Mark Ross, a spokesman for the Portland Parks Bureau, which manages the city park said asking for donations is “a form of free speech, protected under the First Amendment,” but declined to comment about Madison’s story. He did note, however, that the Saturday Market administration designates and enforces its rules once the space has been leased to them.
Since the story broke Sunday evening, Madison’s father said “mistletoe orders mushroomed… even McKinzei Farms, one of the biggest selling Christmas tree farms in the area, made a $1,000 donation to Madison’s braces.”
The 11-year-old got her first set of braces on Monday.
An Oregon middle school football coach is in some hot water (or should we say hot sauce) for his insatiable desire to host his team’s end-of-season party at Hooters.
When parents of the children protested, do you think the coach relented? No. He issued this gem to Oregon Live.
“I believe this is a fine venue,” said Randall Burbach. “It’s not a strip club.”
Damn right. I’m tired of people calling Hooters a strip club. It’s a delicious wing joint. When I go, I don’t even notice if they have waiters or waitresses. Probably both, I assume.
This all began when Burbach decided to throw a party for his team. I guess he felt it was his right to have it where he wanted, a place where he could drink a cold one, the kids could eat some french fries and moms and dads could stare at some tits. But when parents got wind of it, they went above Burbach’s head to the school’s athletic director, who while he agreed with the coach in an email that the “food is good!” he was not okay with the atmosphere.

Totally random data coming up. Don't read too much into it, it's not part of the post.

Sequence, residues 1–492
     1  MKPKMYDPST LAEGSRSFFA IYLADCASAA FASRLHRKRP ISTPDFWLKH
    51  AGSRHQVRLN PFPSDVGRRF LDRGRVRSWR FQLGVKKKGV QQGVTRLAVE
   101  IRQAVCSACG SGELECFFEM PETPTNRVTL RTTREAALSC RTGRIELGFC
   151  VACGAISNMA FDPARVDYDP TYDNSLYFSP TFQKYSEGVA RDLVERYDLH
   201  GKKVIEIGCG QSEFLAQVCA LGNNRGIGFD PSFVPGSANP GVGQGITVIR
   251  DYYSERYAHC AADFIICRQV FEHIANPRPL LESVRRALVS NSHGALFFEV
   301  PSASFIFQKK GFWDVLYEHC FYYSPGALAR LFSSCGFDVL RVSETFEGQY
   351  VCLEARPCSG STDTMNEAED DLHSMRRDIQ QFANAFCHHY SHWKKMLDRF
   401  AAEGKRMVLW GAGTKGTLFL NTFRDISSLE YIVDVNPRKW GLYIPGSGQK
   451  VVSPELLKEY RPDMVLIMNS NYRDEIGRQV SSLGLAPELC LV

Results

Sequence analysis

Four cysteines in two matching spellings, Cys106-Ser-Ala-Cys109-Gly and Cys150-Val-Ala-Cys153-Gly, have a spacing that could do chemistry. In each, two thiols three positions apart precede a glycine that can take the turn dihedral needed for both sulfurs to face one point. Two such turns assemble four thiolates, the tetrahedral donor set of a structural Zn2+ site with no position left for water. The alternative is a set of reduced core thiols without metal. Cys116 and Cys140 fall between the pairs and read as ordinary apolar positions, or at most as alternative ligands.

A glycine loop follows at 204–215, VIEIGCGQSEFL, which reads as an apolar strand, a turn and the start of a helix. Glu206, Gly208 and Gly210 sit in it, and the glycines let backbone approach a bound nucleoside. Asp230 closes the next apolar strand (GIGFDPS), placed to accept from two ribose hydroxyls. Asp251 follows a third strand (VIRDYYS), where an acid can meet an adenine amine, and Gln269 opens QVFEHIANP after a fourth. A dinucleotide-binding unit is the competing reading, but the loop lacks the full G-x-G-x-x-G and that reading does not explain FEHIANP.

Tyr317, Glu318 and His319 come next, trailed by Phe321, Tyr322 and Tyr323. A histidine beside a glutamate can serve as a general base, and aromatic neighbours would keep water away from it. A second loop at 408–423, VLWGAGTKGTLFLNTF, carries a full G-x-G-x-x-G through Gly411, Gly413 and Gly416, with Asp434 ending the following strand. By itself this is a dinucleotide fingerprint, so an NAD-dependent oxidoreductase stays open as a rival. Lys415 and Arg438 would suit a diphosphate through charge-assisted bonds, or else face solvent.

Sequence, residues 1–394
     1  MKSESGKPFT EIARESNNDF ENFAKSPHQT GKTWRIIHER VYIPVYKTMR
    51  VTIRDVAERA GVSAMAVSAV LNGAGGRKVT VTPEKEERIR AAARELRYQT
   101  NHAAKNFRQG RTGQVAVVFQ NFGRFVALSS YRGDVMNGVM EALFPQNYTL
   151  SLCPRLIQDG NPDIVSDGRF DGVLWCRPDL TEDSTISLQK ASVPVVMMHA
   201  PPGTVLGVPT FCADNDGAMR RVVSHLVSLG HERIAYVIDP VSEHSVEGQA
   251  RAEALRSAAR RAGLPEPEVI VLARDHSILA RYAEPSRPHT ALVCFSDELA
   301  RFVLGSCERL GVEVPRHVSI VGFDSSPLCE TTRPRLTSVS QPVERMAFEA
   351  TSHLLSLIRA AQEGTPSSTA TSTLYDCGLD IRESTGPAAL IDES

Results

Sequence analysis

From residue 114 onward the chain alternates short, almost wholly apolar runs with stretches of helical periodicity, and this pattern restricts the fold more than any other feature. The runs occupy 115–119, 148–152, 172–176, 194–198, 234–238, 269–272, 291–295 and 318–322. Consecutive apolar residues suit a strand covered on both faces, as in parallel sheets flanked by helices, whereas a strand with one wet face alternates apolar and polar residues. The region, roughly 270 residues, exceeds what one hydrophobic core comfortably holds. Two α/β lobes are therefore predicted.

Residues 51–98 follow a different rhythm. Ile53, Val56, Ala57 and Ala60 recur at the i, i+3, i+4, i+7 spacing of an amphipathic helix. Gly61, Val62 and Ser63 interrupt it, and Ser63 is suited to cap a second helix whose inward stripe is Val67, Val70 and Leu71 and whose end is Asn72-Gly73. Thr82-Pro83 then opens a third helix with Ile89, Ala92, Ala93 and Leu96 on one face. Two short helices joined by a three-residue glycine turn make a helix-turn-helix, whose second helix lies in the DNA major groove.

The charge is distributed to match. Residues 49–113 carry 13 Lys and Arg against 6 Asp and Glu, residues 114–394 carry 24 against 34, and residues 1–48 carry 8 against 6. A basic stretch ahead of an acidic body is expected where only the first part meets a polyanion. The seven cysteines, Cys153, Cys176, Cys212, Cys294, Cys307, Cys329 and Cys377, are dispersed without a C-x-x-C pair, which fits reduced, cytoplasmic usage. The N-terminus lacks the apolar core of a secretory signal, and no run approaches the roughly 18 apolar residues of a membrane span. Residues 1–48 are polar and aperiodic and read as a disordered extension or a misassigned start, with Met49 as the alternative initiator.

In a letter written to “Families and Friends of Corbett 7th/8th Grade Football,” Athletic Director J.P. Soulagnet said he tried to persuade coach Randy Burbach to move the event to another location, so that “families could attend and feel comfortable.” But Burbach was “unyielding and emphatically said no.”
There is nothing wrong with Hooters people COME ON!
Trying to rob a gun store? Bad idea. Trying to rob a gun store armed with a bat? Worse idea!
Common sense is apparently hard for some criminals. Take for example, 22-year-old Derrick Mosley, who reportedly attempted to rob an Oregon gun shop on Thursday armed with a baseball bat.
According to various news reports, Mosley strolled into Discount Gun Sales in Beaverton, Ore., with his baseball bat and criminal intent. He reportedly smashed a display case and attempted to steal a firearm.
The manager of the gun shop drew his own firearm which, unlike the one Mosley attempted to steal, was loaded. The manager trained his gun on Mosley and ordered him to drop the bat, the unloaded gun he was trying to steal and the 9-inch knife he was carrying. The first smart thing the crook did that day was comply with those commands.